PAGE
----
VA: Regardless of outcome, Virginia lieutenant governor’s race will make history
No matter which party prevails in Virginia’s elections in November, the result of the lieutenant governor’s race will be the same in one way: A woman of color will hold a statewide office in the commonwealth for the first time in history.
SC: Lifetime placement on sex offender list unconstitutional, South Carolina Supreme Court rules
South Carolina’s high court has unanimously ruled the state’s lifetime sex offender registration requirement unconstitutional, and people who demonstrate a low risk of reoffending should be able to petition a judge to have their names purged.
OK: Oklahoma will review disability aid list in hopes of eliminating 13-year wait
The Department of Human Services recently contracted with Liberty of Oklahoma Corp. to conduct an extensive review of the state’s waiting list. By January, agency officials plan to present to Republican Gov. Kevin Stitt and state lawmakers a concrete cost estimate to eliminate the list entirely. In recent years, state lawmakers have appropriated about $2 million annually to reduce the list, but the agency still falls short of being able to help everyone awaiting services.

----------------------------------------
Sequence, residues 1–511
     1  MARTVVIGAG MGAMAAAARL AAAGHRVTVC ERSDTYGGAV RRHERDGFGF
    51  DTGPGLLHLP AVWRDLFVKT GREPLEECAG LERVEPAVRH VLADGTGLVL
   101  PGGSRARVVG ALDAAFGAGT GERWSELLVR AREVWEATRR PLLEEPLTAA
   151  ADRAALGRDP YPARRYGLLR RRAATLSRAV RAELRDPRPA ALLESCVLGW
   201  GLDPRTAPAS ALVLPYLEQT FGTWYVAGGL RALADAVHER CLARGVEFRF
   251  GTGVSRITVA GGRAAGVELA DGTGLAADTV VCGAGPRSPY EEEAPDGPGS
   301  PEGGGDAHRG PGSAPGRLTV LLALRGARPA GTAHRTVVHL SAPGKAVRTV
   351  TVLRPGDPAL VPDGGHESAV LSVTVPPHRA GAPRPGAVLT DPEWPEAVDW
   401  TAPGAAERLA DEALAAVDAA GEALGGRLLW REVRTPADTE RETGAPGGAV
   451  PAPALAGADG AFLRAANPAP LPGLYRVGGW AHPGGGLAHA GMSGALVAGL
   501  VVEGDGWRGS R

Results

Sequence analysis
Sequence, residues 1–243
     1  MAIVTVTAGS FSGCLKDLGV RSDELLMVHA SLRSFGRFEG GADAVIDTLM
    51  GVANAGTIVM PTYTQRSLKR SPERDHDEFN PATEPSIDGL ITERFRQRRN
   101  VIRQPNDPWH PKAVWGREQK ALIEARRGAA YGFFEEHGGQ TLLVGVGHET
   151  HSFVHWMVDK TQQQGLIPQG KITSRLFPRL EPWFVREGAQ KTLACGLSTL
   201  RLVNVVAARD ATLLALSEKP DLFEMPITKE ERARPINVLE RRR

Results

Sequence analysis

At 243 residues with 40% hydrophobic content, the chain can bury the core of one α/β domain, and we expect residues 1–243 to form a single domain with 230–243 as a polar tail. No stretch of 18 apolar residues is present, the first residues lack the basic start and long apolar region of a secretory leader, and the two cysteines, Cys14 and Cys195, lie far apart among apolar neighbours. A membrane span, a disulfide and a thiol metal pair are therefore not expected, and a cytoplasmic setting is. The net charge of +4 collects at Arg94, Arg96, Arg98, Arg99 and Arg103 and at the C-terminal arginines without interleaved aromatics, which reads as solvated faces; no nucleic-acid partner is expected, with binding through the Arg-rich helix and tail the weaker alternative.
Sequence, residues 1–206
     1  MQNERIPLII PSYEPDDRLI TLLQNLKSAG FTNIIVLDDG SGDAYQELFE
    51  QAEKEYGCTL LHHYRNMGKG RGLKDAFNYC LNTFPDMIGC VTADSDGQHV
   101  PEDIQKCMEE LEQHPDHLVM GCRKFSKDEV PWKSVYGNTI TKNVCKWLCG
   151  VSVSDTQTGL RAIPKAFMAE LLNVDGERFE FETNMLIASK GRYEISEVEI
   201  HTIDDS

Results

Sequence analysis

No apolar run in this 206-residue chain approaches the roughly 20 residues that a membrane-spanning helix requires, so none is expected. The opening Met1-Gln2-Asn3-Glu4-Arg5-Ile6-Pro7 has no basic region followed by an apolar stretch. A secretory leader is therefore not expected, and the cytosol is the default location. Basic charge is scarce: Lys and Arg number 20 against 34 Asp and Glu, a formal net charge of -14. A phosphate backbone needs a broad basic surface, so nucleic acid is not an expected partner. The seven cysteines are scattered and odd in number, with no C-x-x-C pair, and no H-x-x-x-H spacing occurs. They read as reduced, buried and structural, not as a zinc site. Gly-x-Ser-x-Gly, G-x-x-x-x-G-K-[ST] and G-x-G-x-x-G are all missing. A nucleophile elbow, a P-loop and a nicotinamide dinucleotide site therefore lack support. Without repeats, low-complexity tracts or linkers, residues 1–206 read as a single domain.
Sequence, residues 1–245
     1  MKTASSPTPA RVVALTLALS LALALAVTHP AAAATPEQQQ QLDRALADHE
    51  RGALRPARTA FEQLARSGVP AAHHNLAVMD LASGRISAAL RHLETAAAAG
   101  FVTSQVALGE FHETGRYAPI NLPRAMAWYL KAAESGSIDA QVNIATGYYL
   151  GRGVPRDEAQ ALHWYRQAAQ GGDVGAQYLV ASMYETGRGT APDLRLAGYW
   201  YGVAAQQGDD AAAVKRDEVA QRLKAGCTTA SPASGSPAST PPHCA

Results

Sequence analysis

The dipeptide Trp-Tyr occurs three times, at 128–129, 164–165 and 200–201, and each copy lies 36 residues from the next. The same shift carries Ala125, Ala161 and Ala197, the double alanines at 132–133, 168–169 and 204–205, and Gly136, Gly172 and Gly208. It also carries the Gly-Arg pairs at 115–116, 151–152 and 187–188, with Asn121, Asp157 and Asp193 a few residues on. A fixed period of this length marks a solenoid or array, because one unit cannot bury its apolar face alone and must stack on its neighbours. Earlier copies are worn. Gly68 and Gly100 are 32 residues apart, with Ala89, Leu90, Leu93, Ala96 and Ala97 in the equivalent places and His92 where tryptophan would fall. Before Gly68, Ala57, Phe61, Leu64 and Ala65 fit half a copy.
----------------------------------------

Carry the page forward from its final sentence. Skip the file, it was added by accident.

WI: Wisconsin Senate approves new absentee voting limits, policing bills
The Wisconsin Senate approved several bills that would put new restrictions on absentee voting, as well as proposals that would change policing in the state, including setting a statewide standard for use of force. The election bills are part of a Republican package of proposals that largely respond to GOP criticism of the 2020 presidential election.
MN: Minnesota lawmakers agree on M boost for colleges
Minnesota lawmakers have reached a higher education funding deal that would increase support to public colleges and universities by nearly $100 million to a total $3.5 billion over the next two years, establish an automatic college acceptance program for state high school seniors and create new grants for students who were raised in foster care.
IA: Iowa governor signs bill banning some educational concepts on history of racism